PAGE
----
A Safe ReturnWe left on Friday for our annual holiday trip to Abandon Hope Town (also affectionately known as "Slowville").
Today, we returned.
I've given up trying to describe how hideously difficult these trips are, or why. Let me just say that by the time we get back to Austin, I feel like a Chilean miner who sees the sun after months trapped underground.
Now, a few pictures.
I like to call this first picture "welcome to East Texas":
It was even more disturbing in person, believe me.
On Sunday morning, I took Eli to Krispy Kreme, and we had an interesting discussion about this picture:
What we discussed was whether the snowman was right-handed or left-handed. Based on the position of the scarf, we concluded that he was left-handed. Actually, it would be fair to question how he could have a scarf on at all, given that he has no hands.
Finally, we went to the children's science museum in Shreveport, and in the gift shop, I saw this:
That's right--your eyes are not deceiving you. That is Count Chocula lipgloss. And Lucky Charm lipgloss was on the next row. Who knew?
On the way home, while we were eating lunch, Eli 10.4 asked Gloria why some of the cheeses she likes smell so bad.
"I'm not sure," she said. "I think they might actually put little bits of mold into bleu cheese."
"That would certainly make me want to eat it," I said.
That made her curious, so she looked up bleu cheese on Wikipedia. Here's an excerpt:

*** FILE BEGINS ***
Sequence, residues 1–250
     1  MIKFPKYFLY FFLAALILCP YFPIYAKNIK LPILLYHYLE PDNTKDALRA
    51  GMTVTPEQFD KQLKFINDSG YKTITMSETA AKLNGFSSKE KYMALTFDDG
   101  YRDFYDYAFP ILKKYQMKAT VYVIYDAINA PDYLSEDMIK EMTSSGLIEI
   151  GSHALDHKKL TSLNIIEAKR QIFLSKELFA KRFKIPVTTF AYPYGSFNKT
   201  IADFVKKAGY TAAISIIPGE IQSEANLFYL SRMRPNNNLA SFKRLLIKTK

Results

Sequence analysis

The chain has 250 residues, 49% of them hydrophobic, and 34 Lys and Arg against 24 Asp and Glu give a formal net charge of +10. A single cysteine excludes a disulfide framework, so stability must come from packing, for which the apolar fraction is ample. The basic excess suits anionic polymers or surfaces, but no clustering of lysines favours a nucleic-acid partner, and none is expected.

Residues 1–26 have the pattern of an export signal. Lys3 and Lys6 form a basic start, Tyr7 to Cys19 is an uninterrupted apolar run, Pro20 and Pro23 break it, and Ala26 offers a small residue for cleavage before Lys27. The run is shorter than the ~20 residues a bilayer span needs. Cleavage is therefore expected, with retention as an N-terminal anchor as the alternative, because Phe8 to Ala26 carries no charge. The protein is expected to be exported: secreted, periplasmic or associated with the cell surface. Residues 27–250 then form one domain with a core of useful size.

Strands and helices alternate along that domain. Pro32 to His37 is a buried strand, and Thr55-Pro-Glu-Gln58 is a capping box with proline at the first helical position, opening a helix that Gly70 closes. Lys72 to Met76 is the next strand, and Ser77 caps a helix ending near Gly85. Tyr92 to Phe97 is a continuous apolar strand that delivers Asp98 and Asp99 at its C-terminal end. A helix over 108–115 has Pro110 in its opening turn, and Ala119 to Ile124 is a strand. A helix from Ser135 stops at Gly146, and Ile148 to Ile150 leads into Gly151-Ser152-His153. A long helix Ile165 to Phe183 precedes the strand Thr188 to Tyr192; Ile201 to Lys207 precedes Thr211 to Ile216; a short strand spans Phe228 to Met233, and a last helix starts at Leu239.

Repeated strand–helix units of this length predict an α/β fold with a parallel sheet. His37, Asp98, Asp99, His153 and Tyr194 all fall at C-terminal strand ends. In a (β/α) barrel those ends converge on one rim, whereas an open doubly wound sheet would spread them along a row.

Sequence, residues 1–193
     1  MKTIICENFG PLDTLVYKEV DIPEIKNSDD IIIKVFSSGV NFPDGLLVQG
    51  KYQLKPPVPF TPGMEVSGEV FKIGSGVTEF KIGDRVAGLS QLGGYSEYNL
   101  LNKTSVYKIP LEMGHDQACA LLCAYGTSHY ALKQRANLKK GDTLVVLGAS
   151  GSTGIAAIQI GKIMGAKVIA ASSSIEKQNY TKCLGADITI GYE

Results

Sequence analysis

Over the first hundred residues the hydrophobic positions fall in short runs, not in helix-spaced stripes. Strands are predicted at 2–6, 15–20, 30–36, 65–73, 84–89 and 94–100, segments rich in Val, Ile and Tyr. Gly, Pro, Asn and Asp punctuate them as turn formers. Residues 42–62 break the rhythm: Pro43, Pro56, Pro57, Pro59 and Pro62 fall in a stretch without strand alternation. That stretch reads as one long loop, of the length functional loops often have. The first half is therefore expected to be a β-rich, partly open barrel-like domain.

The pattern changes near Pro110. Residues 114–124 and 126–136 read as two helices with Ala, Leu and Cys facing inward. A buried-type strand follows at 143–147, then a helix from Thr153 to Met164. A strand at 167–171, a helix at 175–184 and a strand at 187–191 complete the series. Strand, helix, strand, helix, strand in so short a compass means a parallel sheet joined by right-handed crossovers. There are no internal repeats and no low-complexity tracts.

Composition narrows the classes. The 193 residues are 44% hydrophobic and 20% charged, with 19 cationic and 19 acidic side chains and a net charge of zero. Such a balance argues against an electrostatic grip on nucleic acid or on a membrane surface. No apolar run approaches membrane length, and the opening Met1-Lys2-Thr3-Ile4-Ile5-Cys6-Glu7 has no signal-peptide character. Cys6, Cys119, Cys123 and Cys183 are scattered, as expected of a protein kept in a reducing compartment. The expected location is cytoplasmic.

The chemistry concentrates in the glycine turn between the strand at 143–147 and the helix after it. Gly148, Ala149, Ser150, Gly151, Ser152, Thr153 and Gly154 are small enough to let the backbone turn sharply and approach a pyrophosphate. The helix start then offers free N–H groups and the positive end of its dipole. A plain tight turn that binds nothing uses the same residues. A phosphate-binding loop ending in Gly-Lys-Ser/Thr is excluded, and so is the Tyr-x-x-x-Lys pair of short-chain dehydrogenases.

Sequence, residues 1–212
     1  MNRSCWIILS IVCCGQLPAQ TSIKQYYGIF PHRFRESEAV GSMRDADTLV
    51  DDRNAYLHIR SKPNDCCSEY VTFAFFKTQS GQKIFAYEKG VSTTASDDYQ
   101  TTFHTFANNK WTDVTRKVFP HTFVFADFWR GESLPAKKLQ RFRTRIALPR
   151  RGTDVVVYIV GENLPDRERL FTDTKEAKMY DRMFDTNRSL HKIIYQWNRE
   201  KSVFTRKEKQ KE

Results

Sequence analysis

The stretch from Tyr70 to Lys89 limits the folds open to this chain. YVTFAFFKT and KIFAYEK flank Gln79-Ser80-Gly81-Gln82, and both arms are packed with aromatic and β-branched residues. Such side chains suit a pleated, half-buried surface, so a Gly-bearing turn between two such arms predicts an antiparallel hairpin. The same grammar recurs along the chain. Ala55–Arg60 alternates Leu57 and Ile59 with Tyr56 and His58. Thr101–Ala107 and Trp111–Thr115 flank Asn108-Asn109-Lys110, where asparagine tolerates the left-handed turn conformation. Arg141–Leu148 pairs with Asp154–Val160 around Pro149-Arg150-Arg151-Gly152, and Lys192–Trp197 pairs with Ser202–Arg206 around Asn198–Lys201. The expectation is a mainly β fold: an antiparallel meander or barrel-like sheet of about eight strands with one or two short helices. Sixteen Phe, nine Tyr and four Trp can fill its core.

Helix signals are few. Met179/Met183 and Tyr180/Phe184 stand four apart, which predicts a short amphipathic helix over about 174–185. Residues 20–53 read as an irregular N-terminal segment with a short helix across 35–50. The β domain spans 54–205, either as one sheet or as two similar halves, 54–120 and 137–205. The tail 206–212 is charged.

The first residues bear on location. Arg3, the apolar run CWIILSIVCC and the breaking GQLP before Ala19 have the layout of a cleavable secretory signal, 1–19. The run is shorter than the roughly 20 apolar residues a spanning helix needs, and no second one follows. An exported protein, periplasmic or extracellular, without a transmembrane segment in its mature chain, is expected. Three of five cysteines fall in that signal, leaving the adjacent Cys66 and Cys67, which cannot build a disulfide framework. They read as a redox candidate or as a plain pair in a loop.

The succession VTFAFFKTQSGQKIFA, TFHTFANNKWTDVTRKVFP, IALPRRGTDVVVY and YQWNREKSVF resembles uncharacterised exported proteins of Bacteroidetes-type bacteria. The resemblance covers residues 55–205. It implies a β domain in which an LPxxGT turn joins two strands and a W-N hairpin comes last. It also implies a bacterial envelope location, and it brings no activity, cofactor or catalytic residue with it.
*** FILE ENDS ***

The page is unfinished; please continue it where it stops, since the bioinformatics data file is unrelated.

Blue cheese (or bleu cheese) is a general classification of cow's milk, sheep's milk, or goat's milk cheeses that have had cultures of the mold Penicillium added so that the final product is spotted or veined throughout with blue, blue-gray or blue-green mold, and carries a distinct smell, either from that or various specially cultivated bacteria. Some blue cheeses are injected with spores before the curds form and others have spores mixed in with the curds after they form. Blue cheeses are typically aged in a temperature-controlled environment such as a cave.
...The characteristic flavor of blue cheeses tends to be sharp and a bit salty. The smell of this food is due both to the mold and to types of bacteria encouraged to grow on the cheese: for example, the bacterium Brevibacterium linens is responsible for the smell of many blue cheeses, as well as foot odor and other human body odors.
Gloria read this out loud. Eli and I both said "EWWWWW!" At roughly the same time. "Mom, you like stinky foot cheese," Eli said.
On the basis of this description, I believe there would be a market for cheese deodorant. Maybe Dr. Scholl's would be interested.